Amid escalating tensions over Syria, Trump weighs options
Amid escalating global tensions over Syria, United States President Donald Trump weighed his options for responding, possibly with military strikes, to the Syrian government's suspected chemical weapons attack against civilians. Trump's United Nations ambassador, Nikki Haley, said yesterday the president has not yet made a final decision on how or whether to respond.
Trump is expected to consult further with his national security team. Earlier this week, he tweeted that US missile strikes against Syria could happen "very soon or not so soon at all." On Thursday, he met with his National Security Council and spoke by phone with the leaders of Britain and France, both of whom have indicated that they want to punish Syria.
As Trump deliberated, the Navy said a second ship capable of firing Tomahawk cruise missiles had entered the Mediterranean. With the addition of the USS Winston S. Churchill, the US now has two ships potentially within range of Syria for firing Tomahawks, which were the weapon of choice when the US struck Syria in April 2017. Navy submarines also are capable of firing Tomahawks; their movements are kept secret, but they are commonly in the Mediterranean.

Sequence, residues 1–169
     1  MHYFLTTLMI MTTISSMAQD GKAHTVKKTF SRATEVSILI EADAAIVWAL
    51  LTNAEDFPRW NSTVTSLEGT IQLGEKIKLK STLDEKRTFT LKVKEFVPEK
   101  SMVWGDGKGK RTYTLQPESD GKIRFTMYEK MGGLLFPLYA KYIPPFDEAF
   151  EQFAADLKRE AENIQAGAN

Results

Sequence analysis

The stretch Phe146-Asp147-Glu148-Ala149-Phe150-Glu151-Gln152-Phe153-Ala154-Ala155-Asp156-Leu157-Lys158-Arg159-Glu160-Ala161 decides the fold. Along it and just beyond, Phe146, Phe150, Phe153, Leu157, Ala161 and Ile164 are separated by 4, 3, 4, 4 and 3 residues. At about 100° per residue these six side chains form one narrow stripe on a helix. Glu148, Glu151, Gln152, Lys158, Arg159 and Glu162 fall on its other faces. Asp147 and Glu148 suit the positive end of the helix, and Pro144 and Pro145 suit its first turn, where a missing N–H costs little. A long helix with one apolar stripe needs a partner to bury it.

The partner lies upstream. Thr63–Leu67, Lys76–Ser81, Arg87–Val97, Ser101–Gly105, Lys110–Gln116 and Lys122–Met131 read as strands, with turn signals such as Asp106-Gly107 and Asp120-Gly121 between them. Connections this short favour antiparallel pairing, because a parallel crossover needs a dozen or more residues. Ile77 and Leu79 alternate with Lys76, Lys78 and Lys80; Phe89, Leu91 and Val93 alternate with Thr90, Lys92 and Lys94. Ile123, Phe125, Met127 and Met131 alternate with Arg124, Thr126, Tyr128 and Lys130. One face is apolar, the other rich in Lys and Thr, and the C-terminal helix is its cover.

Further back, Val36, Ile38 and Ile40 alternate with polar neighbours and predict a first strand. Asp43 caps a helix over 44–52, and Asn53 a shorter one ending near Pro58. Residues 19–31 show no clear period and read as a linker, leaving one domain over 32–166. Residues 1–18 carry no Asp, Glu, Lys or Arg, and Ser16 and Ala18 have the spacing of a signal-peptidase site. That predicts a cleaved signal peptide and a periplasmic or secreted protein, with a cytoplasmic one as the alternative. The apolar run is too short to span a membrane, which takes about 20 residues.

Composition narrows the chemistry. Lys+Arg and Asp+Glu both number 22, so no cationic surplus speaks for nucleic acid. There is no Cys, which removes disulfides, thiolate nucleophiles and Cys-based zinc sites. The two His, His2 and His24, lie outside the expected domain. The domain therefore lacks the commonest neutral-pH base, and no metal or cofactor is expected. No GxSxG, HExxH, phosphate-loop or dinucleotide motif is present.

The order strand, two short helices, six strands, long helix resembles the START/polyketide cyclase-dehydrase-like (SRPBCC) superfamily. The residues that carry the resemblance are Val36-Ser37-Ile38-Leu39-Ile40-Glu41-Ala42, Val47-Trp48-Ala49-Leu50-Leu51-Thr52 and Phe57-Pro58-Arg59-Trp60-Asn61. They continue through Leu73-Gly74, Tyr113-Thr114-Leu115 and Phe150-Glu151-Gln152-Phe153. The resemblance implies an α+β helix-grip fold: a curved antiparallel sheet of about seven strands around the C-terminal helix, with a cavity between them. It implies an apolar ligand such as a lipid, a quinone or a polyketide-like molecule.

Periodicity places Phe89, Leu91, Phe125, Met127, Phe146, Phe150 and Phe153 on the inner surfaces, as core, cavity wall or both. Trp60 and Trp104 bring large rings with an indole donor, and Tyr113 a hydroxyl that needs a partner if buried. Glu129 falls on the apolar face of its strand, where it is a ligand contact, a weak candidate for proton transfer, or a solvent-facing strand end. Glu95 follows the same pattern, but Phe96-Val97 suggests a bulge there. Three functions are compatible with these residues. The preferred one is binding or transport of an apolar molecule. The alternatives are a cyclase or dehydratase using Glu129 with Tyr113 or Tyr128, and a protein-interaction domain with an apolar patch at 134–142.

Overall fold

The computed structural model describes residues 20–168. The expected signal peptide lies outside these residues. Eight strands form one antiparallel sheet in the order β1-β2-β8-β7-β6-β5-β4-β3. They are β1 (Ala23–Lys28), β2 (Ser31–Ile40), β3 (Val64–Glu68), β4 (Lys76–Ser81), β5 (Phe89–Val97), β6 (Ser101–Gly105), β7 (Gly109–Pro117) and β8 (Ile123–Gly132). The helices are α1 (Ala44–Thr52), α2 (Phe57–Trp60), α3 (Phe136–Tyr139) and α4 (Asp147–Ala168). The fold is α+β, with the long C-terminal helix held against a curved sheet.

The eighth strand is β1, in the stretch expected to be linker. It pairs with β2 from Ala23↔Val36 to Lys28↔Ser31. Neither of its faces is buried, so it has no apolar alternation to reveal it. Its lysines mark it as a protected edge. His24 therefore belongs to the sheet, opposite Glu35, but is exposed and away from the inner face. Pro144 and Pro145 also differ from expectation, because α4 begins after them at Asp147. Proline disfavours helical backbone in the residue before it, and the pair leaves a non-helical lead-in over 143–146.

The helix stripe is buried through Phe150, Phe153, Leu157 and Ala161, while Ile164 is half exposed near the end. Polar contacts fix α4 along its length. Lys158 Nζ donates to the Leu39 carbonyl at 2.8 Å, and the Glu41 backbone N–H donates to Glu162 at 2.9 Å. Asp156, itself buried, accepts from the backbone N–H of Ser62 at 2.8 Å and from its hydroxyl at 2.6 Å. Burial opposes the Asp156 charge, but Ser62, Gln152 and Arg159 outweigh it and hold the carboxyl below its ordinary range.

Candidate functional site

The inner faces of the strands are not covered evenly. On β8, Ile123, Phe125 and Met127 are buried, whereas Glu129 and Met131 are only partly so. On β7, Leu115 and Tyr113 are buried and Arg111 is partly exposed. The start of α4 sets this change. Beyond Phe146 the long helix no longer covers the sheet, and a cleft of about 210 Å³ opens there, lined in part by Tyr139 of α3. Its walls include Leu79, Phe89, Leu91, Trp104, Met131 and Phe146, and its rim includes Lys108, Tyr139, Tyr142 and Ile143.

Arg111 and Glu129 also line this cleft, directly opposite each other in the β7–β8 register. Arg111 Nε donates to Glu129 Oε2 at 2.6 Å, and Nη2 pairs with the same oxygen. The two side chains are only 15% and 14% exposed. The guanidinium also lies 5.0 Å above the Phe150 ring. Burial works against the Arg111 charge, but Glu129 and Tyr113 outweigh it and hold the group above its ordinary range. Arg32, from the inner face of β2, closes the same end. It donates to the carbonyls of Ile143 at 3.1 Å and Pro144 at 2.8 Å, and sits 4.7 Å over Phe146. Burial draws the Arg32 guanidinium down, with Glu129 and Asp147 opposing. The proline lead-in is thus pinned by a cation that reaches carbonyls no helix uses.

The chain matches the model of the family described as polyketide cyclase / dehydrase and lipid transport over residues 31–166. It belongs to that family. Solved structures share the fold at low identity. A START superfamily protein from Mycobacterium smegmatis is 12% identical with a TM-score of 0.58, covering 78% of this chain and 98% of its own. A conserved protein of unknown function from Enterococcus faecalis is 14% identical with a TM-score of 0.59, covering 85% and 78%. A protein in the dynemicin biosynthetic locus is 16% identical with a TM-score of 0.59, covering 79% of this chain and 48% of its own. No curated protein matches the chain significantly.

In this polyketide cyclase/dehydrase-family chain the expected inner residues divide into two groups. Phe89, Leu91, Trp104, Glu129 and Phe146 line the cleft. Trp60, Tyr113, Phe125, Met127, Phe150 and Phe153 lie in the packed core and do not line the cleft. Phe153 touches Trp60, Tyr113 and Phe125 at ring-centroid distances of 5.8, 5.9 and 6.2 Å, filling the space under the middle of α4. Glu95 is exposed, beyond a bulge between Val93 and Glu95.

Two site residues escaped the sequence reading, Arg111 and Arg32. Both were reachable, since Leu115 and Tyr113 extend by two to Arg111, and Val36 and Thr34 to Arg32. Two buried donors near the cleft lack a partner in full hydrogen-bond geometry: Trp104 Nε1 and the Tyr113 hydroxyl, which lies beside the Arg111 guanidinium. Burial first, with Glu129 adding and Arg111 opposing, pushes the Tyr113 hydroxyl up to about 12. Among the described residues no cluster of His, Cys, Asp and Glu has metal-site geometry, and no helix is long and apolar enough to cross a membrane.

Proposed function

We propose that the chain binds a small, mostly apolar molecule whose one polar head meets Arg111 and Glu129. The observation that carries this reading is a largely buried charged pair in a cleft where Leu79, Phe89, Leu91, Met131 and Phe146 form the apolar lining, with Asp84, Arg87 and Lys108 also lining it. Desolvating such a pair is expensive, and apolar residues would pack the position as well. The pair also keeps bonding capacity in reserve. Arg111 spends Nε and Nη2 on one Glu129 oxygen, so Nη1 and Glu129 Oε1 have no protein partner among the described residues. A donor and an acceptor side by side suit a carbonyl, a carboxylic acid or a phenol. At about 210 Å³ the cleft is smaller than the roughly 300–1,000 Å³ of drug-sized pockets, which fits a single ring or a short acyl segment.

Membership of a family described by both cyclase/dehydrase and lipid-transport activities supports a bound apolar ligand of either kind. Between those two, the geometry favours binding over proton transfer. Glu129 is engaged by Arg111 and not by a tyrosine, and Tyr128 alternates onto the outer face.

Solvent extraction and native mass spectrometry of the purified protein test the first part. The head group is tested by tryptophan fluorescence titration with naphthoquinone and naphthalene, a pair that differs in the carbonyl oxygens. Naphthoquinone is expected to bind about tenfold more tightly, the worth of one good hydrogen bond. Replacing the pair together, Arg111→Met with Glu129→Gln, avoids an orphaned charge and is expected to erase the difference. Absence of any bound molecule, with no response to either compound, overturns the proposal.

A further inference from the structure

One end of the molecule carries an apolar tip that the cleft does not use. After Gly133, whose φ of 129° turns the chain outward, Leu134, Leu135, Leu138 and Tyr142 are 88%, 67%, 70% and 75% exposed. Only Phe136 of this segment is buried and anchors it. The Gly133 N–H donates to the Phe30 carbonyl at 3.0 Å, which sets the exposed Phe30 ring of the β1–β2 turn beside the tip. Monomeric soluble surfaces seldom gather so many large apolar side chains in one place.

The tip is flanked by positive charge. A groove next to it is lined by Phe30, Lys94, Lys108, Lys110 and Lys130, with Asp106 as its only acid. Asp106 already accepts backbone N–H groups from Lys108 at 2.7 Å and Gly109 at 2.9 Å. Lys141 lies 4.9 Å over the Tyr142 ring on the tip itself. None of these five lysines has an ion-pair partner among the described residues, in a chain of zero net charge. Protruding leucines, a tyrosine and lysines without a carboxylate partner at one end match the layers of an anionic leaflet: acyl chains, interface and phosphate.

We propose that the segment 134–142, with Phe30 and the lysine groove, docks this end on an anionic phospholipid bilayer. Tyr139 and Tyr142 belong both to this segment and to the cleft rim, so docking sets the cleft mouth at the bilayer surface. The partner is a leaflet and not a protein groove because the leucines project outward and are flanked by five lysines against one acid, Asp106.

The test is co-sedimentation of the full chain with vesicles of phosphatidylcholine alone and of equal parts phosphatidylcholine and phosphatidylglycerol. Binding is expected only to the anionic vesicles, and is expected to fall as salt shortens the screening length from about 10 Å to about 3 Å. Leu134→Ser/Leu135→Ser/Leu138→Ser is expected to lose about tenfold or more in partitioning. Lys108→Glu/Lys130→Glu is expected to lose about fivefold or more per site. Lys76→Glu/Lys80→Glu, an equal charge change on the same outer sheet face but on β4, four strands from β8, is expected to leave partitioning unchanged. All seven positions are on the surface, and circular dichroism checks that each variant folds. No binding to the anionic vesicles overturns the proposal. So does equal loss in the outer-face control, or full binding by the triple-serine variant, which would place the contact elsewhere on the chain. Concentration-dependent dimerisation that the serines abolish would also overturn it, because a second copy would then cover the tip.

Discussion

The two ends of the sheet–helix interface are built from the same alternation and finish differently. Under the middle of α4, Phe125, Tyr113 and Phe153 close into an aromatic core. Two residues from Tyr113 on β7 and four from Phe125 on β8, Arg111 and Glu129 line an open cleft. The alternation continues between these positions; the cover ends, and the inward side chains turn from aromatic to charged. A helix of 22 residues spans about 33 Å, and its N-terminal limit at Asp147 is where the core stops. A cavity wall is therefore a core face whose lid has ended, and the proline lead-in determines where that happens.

Haley told an emergency meeting of the UN Security Council that should the United States and its allies decide to act in Syria, it will be to defend "a bedrock international norm that benefits all nations" - the prohibition on the use of chemical weapons.
She said Friday that "the United States estimates that (President Bashar) Assad has used chemical weapons in the Syrian war at least 50 times."
UN Secretary-General Antonio Guterres said the Middle East is in such "peril" today that it has become a threat to international peace and security, and that Syria "represents the most serious threat".